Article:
Yahoo on Thursday announced a corporate overhaul in the face of stockholder rebellion and front-office desertions.
The reorganization comes as Yahoo fights off an attempted coup by corporate raider Carl Icahn and watches dozens of high-ranking executives dash for the exits.
More than 50 executives have left the once high-flying firm since Microsoft went public with a takeover offer in early February.
In part to stop the bleeding, the Yahoo is realigning resources into three teams reporting to company president Sue Decker.
Yahoo also said it is prioritizing what is known as “cloud computing,” a trend in which Internet firms such as Google, Microsoft, and Salesforce.com provide software programs as services that people use online instead of installing and operating on their own machines.
“These moves accelerate the ability of our deep and talented team to build great products, grow our audiences and improve monetization globally,” Yahoo chief executive Jerry Yang (楊致遠) said on Thursday.
Microsoft offered to buy Yahoo for US$44.6 billion in stock and cash on Jan. 31, but withdrew the offer on May 3, saying Yahoo refused to budge despite the software giant upping its bid to nearly US$48 billion.
Icahn has since snatched up more than 4 percent of Yahoo’s stock and launched a campaign to oust board members and replace them with a slate amenable to a tie-up with Microsoft.
Analyst Rob Enderle of the Enderle Group in Silicon Valley likened Yahoo’s reorganization with the crew of the doomed trans-Atlantic Titanic oceanliner scrambling to correct course when it was too late.
“Yahoo is making critical changes that would have helped them avoid the iceberg, but unfortunately it comes after they hit it,” Enderle said. “The problem is that everything Yahoo is doing is strategic with long-term benefit and they just don’t have the time. I don’t think their investors are in it for the long term.”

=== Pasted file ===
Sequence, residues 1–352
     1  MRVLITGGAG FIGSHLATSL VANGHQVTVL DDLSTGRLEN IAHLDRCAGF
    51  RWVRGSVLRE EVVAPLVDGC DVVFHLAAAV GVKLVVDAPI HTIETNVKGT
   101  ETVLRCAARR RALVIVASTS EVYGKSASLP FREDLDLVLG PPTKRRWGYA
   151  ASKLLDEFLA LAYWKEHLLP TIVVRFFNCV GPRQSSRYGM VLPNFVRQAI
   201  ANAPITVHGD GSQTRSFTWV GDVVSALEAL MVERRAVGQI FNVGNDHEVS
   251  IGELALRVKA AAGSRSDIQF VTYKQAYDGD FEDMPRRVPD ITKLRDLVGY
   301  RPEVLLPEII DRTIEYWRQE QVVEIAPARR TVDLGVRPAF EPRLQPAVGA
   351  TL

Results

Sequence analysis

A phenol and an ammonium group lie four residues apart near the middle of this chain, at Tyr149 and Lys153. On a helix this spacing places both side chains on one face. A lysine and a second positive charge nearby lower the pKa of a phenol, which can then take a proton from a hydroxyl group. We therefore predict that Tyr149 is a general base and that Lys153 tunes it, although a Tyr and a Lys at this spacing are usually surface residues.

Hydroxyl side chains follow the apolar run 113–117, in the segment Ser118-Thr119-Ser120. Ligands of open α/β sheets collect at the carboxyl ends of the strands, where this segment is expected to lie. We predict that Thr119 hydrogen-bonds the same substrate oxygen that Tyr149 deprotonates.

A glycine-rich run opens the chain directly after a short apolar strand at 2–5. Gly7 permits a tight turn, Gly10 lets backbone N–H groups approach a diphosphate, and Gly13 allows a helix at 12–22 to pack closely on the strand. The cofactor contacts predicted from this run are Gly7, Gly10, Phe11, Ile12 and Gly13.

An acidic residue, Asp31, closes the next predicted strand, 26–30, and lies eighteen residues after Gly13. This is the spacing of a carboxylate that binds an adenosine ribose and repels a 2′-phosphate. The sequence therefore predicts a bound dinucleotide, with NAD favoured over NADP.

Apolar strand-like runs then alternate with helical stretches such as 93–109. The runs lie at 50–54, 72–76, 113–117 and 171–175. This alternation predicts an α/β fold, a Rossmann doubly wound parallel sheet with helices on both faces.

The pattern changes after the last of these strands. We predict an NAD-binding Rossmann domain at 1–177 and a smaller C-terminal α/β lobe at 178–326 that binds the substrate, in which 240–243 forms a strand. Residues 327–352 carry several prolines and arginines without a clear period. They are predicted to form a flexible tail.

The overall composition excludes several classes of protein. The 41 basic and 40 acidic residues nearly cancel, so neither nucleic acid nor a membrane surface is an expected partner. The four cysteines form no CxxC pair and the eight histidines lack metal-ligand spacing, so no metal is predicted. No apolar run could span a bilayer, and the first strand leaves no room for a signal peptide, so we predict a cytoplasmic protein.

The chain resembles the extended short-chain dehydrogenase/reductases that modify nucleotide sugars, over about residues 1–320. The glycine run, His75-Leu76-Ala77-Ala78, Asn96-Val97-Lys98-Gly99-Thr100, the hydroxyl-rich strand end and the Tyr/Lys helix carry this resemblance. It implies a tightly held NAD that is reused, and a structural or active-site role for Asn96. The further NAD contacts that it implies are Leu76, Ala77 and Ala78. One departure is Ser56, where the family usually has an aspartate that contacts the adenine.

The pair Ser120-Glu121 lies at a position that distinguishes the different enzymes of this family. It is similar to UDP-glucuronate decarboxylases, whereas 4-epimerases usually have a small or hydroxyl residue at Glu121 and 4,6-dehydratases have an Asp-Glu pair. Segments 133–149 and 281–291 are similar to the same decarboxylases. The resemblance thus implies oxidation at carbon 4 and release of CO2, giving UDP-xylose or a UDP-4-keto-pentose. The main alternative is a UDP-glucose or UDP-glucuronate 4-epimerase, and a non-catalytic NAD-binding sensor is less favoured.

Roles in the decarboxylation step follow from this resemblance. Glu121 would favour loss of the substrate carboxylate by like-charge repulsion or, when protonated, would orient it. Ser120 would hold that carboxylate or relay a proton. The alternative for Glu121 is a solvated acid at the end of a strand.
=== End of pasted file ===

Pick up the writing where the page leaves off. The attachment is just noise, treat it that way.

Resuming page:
Meanwhile, Yahoo executives have been abandoning the Yahoo ship at breakneck pace.
“Microsoft has been aggressively fishing Yahoo with newspaper ads and head hunters,” Enderle said. “Google is probably doing it too, only less overtly. Yahoo is a fishing ground. They’ve bled a lot of people.”
Technology blog TechCrunch has devoted a page to the exodus, and a “Yahoo! Alumni” group on Facebook reports having swelled to more than 1,800 members.
The reorganization is intended to speed up bringing products to market and expedite decision making, said Decker, who suggested the reorganization was in the works before the latest turmoil.
“We have planned these changes deliberately over the past several months to clarify responsibilities and to capitalize on the scale advantages while allowing for fine tuning to meet local market needs,” Decker said.
It remains to be seen whether the changes will quell an Icahn-led rebellion at an annual meeting of shareholders set for Aug. 1.